Collins Serves on National Academies Committee on Health Effects of Cannabis

Collins (pictured right) has a long history of conducting research, mostly focused on young adults' use of substances, including marijuana.

Published January 27, 2017

Although recent years have seen a rapid rise in the medicinal and recreational use of cannabis, evidence regarding both the short and long-term health effects has not recently been examined.

A new report by the National Academies of Sciences, Engineering and Medicine presents nearly 100 conclusions related to the health effects of cannabis and cannabinoid use, and makes recommendations for an agenda to help expand and improve cannabis research efforts and better inform future public health decisions.

“This is one of the most comprehensive reviews of recent research on this topic,” said Dr. R. Lorraine Collins, professor and associate dean of research at the University at Buffalo School of Public Health and Health Professions, “and I am proud to have served on the committee that conducted this thorough analysis.”

With support from federal, state, philanthropic and nongovernmental organizations, the National Academies convened a 16-member ad hoc expert committee in June 2016 to develop a comprehensive, in-depth review of the most recent evidence on the health effects of using cannabis and cannabis-derived products.

During a six month period, the committee considered more than 10,000 scientific abstracts for their relevance to the report. The committee also gave primacy to recently published systematic reviews and high-quality primary research for 11 groups of health topics or concerns, including therapeutic effects for a variety of diseases and conditions. Research conclusions were further organized based on the quality of the evidence. Among the highlights, the report indicated the following:

  • Initiating cannabis use at a young age is a risk factor for developing problematic cannabis use;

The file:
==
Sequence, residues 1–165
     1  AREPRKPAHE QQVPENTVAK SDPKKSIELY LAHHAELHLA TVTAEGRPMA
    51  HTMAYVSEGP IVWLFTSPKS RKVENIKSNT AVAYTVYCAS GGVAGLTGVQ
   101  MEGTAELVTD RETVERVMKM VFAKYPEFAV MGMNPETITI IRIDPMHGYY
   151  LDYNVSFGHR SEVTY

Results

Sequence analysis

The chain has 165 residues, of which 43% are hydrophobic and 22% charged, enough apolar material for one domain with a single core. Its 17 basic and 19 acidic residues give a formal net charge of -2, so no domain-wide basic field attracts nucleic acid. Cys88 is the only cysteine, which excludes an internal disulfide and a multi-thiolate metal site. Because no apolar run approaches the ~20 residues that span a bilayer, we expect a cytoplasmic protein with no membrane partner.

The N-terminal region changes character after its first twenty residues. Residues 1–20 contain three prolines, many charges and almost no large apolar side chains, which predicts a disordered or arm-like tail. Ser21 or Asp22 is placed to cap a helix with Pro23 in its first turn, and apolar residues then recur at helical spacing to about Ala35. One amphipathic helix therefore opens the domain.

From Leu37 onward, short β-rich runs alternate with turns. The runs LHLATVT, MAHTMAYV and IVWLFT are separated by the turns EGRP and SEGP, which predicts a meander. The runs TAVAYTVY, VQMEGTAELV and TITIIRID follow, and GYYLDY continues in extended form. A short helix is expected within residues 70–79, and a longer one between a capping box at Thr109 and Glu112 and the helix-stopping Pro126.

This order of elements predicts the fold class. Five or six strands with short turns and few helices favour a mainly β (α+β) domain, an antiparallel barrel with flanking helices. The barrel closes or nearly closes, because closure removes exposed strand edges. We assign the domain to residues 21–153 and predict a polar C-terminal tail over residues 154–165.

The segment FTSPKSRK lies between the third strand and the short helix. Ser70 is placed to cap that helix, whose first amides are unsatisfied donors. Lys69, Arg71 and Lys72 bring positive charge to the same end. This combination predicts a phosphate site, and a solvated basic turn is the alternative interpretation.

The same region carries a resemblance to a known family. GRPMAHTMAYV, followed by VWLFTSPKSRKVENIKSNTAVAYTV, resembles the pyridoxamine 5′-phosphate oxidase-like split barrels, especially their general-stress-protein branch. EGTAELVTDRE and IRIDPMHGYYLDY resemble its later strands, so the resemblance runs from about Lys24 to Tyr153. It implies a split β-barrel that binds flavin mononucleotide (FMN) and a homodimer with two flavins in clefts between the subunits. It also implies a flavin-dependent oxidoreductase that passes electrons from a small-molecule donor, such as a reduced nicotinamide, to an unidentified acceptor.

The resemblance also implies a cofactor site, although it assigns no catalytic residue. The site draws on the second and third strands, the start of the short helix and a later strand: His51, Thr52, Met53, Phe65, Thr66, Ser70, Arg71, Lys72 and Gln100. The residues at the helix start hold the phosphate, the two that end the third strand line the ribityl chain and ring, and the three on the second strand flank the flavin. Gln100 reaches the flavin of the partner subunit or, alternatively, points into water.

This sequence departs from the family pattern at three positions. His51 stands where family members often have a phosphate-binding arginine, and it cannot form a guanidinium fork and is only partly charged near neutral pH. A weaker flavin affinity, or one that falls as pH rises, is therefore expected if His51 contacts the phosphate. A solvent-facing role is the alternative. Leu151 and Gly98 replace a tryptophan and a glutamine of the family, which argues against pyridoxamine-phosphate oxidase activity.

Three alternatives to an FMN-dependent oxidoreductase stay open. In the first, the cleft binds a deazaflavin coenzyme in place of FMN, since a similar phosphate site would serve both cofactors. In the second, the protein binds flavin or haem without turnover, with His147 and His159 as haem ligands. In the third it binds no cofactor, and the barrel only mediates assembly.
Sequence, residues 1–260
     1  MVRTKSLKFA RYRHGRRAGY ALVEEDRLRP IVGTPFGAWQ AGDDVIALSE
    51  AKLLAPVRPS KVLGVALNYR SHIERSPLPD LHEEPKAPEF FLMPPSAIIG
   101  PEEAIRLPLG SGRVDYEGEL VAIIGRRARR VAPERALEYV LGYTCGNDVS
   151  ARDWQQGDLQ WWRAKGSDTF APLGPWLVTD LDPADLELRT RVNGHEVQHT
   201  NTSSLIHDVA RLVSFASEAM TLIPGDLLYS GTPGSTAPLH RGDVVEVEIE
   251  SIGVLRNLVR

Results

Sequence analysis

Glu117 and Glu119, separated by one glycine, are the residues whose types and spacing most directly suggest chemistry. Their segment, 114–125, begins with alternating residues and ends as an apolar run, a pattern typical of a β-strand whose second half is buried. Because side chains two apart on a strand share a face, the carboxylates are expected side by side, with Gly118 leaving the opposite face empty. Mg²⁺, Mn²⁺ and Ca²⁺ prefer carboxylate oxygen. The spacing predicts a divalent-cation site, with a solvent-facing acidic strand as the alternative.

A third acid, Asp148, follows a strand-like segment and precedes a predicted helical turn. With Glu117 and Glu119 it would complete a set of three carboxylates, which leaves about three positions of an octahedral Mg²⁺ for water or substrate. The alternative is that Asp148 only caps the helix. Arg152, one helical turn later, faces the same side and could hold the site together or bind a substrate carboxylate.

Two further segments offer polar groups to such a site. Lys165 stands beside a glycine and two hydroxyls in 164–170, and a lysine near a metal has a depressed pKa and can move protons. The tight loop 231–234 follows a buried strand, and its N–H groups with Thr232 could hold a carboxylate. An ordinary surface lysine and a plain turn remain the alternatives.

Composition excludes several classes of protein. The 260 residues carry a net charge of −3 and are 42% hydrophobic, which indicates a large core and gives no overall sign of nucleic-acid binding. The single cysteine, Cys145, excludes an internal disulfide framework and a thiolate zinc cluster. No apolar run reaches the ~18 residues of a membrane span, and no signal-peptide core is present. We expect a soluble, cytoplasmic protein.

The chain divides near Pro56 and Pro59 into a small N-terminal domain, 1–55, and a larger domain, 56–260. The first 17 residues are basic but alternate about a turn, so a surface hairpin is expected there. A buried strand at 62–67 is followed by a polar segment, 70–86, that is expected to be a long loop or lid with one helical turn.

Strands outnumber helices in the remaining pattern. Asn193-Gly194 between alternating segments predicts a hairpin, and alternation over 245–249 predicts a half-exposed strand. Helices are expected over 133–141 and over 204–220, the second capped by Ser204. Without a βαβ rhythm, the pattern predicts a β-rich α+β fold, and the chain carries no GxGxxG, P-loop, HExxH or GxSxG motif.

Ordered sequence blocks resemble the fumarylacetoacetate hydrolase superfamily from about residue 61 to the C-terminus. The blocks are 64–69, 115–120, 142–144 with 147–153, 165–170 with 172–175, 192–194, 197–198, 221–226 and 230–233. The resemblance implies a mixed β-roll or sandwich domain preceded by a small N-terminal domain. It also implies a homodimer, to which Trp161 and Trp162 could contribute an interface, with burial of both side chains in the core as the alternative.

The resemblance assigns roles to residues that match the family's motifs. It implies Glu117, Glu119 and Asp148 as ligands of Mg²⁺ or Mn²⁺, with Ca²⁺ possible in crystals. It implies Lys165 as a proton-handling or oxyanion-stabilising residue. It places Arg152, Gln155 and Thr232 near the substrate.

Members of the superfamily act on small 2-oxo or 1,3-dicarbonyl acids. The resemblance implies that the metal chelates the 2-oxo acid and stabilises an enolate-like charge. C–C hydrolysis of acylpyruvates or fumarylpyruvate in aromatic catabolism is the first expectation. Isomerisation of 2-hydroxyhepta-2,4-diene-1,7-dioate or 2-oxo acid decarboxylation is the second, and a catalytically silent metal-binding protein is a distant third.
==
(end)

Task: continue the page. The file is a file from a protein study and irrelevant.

• Pregnant women who smoke increase the risk that their baby will be born with low birth weight;
  • Long-term cannabis smoking causes chronic breathing problems and;
  • Some people with chronic pain, muscle spasms from multiple sclerosis, or nausea and vomiting from cancer chemotherapy obtain some relief of their symptoms from using cannabis-based products or cannabis.

Dr. Collins also notes that the committee’s research formulated recommendations related to addressing a variety of research gaps and addressing the current barriers to studying the effects of cannabis. “This is a very critical time in the realm of cannabis research and more research on all aspects of the beneficial and harmful effects is needed,” said Dr. Collins.

Dr. Collins has a long history of conducting research, mostly focused on young adults’ use substances, including marijuana. Much of this research has been funded by the National Institutes of Health, particularly the National Institute on Drug Abuse and the National Institute on Alcohol Abuse and Alcoholism. Her most recent grant focused on the development and testing of a smartphone app, as one component of an intervention to help young adults reduce their use of marijuana.